Whether you are going for a year-end holiday, a business trip or just your last vacation before you are grounded by Baby’s arrival, overseas travel during pregnancy entails certain risks and should only be undertaken with proper planning and the approval of your obstetrician. The following are some areas which you may like to consider as you plan for your trip.


1. WHERE TO GO

Travelling time

According to an advisory by the Royal College of Obstetricians and Gynaecologists, pregnant women travelling on flights lasting more than eight hours have a higher risk of developing Deep Vein Thrombosis (DVT) compared with those who are not pregnant.

DVT is a condition where a blood clot forms in the leg, calf or pelvis due to sitting still in a cramped position for a long period of time. This can be potentially life threatening if not properly treated. While precautions can be taken to reduce the risks of developing DVT, it may be safer to choose a closer destination with a shorter travel time.

Mode of transport

Some expectant mothers may prefer to cruise on an ocean liner rather than travel by air, rail or road, as they can retreat to their rooms on the ship to rest when needed. However, those with motion sickness may find this mode of transport uncomfortable. Ferry rides may also worsen the nausea experienced by many during their first trimester, especially in rough seas.

Vaccinations

As not all vaccinations are safe during pregnancy, it is best to avoid destinations which require vaccinations prior to travelling. Do also consider the hygiene standards of the places that you would be visiting as you would not want to risk catching water-borne diseases or food poisoning.

Availability of medical care

If you are going to a developing country, ensure that medical care is available and of an acceptable standard in the event of emergencies.

2. WHEN TO GO

First Trimester

Hormonal changes during the first trimester may cause some women to feel nauseous. This can be aggravated by a bumpy coach ride up a winding mountain road or a ferry ride. h3-smelling local food in some Asian countries may also not go down well at this stage.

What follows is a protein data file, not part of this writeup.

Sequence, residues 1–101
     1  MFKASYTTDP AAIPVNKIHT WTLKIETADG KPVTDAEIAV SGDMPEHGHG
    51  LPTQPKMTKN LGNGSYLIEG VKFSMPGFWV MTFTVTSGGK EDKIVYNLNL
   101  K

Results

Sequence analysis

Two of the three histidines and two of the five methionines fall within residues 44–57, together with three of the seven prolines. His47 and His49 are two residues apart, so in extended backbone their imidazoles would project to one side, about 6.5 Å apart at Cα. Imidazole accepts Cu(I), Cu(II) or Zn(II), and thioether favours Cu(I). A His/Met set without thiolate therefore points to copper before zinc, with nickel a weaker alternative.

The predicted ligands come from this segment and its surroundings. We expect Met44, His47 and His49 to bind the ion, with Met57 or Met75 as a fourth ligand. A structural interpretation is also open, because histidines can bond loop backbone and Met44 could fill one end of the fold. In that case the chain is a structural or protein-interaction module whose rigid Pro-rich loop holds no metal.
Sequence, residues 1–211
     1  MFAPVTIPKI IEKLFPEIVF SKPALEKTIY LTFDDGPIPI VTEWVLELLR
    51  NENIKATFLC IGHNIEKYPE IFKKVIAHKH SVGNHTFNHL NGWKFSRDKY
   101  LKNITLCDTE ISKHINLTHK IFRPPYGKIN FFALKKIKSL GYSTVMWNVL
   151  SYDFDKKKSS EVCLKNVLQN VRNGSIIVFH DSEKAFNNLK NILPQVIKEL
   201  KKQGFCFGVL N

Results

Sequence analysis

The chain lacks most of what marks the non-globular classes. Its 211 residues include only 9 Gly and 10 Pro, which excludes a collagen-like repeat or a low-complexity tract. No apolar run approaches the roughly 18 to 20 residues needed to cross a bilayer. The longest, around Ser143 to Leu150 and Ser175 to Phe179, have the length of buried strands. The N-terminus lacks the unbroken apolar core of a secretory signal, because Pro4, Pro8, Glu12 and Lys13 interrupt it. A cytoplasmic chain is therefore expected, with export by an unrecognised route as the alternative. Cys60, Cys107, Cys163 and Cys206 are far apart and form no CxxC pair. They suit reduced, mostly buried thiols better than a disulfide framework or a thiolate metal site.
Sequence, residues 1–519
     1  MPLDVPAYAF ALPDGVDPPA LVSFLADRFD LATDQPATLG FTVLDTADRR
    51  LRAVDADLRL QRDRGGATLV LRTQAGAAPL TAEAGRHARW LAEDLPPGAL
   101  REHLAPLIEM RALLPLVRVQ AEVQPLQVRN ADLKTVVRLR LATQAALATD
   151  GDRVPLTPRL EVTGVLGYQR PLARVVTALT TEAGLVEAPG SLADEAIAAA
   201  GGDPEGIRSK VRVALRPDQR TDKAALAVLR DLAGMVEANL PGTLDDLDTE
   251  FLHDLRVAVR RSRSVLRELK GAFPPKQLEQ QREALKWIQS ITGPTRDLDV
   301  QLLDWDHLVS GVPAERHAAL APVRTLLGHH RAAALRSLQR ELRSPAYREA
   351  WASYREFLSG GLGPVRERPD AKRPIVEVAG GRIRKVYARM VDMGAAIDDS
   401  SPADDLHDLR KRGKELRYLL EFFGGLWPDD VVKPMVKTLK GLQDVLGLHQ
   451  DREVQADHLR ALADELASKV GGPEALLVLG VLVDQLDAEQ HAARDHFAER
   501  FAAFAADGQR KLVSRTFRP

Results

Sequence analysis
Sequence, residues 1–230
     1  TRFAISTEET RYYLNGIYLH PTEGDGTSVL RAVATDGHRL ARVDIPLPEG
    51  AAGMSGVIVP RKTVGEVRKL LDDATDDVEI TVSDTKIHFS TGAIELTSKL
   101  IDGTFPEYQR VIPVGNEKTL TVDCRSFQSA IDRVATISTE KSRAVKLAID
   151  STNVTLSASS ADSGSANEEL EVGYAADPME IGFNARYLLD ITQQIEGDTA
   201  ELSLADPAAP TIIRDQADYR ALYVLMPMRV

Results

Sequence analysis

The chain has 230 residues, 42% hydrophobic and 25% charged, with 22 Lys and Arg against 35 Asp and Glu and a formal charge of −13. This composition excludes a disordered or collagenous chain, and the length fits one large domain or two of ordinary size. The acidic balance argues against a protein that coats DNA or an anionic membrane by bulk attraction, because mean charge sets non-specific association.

Before the pregnancy has stabilised, the chances of miscarriage during this stage are higher compared with the next two trimesters. Given these considerations, the first trimester may not be the best time to travel.

Second Trimester

The second trimester is generally considered the most comfortable time during pregnancy. Any nausea would have subsided and the baby is not too large as to cause discomfort. Life usually returns to normal for many women during this trimester, making it the most ideal time to travel.

Third Trimester

With Baby growing heavier, the third trimester is when many pregnancy discomforts set in. Backaches, leg cramps, breathlessness and fatigue may limit the amount of sightseeing or shopping which you can do. There is also an increased risk of premature delivery during this stage compared with the earlier two trimesters.

Many transport providers require a letter from your obstetrician to certify your fitness to travel at this stage. Some impose travel restrictions so check the policies of your transport provider before booking your trip. For example, Royal Caribbean cruises require all travel to be completed before the 24th week of pregnancy, while Bintan Resort Ferries and Tiger Airways set the limit at 28 and 34 weeks, respectively.